Featured Research

from universities, journals, and other organizations

Spring allergies linked to specific food allergies, says specialist

Date:
April 7, 2014
Source:
Loyola University Health System
Summary:
More than 45 million Americans suffer from seasonal allergies, primarily occurring in spring and fall. Food allergies are closely linked to spring allergies, says one expert. "Birch pollen often also means allergies to apples, peaches, carrots and celery while grass allergies can trigger melon, tomatoes and oranges reactions," he says. "Ragweed, the most noxious allergen, is also linked to allergies to bananas, cucumber and cantaloupe."

The Midwest's high tree pollen count is primarily birch and oak, bad news for carrot, celery and almond lovers. "It's healthy if certain foods make your mouth water but it is unhealthy if foods make your nose run or your gums and throat itch," says Joseph Leija, MD, allergist who performs the Gottlieb Allergy Count, the official allergy count for the Midwest. "The spring allergy count in the Midwest is high in birch and oak, which usually triggers reactions to carrots, celery, almonds, apples, peaches and pears in those with sensitive systems."

Related Articles


More than 45 million Americans suffer from seasonal allergies, primarily occurring in spring and fall, according to the Asthma and Allergy Foundation of America.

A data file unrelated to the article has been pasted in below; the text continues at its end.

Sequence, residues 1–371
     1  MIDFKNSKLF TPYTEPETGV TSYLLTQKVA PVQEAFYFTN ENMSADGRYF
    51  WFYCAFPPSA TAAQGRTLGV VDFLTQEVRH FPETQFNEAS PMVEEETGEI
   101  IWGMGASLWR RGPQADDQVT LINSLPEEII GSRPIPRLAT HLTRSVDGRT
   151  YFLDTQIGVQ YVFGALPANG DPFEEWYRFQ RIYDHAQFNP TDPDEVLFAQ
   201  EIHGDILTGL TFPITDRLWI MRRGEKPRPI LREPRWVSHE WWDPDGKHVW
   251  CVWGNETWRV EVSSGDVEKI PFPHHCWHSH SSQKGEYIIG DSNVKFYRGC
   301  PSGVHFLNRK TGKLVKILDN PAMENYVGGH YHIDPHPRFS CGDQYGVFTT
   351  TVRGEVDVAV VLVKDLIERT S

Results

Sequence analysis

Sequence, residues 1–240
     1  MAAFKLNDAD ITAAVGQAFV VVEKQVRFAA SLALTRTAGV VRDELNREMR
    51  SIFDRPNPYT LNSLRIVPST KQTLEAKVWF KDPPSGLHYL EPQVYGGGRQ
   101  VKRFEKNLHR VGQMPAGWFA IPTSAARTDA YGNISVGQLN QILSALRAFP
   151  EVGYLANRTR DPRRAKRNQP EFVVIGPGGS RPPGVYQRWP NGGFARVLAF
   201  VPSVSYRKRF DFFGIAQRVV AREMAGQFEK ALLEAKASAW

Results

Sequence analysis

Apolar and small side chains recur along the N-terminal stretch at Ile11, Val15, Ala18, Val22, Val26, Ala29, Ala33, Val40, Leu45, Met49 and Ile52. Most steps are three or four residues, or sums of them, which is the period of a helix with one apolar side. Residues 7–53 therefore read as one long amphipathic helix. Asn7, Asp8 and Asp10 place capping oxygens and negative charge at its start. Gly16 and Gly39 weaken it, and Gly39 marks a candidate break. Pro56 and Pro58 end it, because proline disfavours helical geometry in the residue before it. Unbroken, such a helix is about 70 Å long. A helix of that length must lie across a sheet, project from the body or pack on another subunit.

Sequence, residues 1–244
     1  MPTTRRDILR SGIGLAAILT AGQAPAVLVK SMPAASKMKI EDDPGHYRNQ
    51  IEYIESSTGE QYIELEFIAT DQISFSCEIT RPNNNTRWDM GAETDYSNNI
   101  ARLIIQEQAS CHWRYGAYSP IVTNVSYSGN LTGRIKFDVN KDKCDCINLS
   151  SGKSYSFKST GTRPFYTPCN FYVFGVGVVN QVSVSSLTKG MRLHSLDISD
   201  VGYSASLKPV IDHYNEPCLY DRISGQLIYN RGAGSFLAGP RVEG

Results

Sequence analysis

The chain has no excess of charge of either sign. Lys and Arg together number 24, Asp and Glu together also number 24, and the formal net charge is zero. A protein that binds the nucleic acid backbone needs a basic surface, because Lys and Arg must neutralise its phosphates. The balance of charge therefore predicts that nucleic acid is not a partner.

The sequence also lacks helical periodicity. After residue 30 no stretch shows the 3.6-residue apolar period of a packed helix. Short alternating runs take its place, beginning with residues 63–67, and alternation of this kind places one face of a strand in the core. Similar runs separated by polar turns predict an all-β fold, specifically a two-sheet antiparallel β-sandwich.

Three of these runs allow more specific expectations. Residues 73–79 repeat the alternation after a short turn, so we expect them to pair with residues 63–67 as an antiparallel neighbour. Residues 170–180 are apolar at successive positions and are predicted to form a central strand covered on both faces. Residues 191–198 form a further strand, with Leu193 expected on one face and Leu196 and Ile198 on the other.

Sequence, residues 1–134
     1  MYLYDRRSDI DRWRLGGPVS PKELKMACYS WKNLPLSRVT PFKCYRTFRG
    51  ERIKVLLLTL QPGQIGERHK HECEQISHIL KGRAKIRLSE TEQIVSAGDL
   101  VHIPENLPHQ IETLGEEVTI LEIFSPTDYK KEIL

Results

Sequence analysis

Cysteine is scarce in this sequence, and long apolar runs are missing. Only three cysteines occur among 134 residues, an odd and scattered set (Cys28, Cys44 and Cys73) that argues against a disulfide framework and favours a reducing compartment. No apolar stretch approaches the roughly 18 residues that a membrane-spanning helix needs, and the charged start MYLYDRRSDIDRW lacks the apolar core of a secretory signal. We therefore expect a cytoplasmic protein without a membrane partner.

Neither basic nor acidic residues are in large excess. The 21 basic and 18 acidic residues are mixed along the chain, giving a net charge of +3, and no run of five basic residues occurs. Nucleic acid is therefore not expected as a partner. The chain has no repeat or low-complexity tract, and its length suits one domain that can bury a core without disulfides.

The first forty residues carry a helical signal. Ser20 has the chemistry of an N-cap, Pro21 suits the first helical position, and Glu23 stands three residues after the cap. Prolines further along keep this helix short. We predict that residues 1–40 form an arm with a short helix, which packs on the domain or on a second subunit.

"Those with grass allergies should avoid melon, tomatoes and oranges," Leija warns. "And ragweed allergies are also linked to allergies to bananas, cantaloupe, cucumber, zucchini and chamomile tea."

While many people experience minor reactions to certain foods that are basically harmless, others have extreme reactions. "Difficulty breathing and itchy rashes are signs to go to a board-certified allergist or, in extreme cases, straight to the emergency room," says Leija, who has been performing the Gottlieb Allergy Count for more than two decades.

Dr. Leija, who normally conducts the Gottlieb Allergy Count from March to October, began the count later than usual this year due to Chicago's longer winter. "The trees have been slow to bloom this year due to the inconsistent warm and cold temperatures," he says. "The recent rains coupled with the sun has caused a huge growth spurt in the trees, which means post nasal drip, congestion and headaches in sufferers."

An octogenarian, Dr. Leija rises before dawn to collect specimens from his pollen-catching-machine atop a building on the Gottlieb Memorial Hospital campus to deliver the count to the public by 7 a.m.

"You cannot control the weather but you can control your environment," he says. "Take your allergy medication and see your allergist before you experience health problems."

Dr. Leija also advises:

· Wash your hair before sleep to remove trapped pollens.

· Rinse your nostrils lightly with saline solution daily to remove irritants.

· Keep windows closed to protect inside air from contaminants.

· Run the air conditioner and air purifier to remove pollutants.

· Leave outdoor-exposed gear such as shoes and backpacks on the porch steps to preserve interior air.

· Cover mouth with a handkerchief or mask when doing spring yard cleanups including raking, edging and mowing.


Story Source:

The above story is based on materials provided by Loyola University Health System. Note: Materials may be edited for content and length.